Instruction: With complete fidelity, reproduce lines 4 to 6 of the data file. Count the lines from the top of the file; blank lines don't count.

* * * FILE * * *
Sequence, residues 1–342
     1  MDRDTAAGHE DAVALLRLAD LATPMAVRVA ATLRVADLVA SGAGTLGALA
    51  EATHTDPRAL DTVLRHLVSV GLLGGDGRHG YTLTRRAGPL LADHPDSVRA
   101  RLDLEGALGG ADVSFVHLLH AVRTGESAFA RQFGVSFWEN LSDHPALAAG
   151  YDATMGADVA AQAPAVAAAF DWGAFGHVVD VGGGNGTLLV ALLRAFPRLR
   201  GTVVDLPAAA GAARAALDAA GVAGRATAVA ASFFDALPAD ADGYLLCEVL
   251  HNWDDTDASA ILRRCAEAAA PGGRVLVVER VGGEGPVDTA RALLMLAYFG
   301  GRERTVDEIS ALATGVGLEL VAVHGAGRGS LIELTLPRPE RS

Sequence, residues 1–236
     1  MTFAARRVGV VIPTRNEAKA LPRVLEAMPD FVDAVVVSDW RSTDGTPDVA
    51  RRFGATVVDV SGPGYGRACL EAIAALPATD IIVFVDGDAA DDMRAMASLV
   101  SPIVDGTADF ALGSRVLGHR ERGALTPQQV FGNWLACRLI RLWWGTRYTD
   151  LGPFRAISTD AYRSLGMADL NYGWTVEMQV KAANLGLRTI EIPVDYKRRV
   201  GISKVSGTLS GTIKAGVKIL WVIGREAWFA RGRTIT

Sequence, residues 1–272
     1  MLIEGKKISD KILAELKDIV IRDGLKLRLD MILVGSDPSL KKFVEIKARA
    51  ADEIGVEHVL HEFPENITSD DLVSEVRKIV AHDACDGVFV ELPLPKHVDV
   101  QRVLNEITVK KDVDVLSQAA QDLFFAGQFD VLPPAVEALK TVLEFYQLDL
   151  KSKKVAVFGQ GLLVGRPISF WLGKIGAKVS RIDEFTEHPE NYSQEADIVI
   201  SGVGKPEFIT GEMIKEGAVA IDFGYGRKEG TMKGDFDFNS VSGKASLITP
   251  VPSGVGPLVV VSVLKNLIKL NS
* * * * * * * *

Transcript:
   101  RLDLEGALGG ADVSFVHLLH AVRTGESAFA RQFGVSFWEN LSDHPALAAG
   151  YDATMGADVA AQAPAVAAAF DWGAFGHVVD VGGGNGTLLV ALLRAFPRLR
   201  GTVVDLPAAA GAARAALDAA GVAGRATAVA ASFFDALPAD ADGYLLCEVL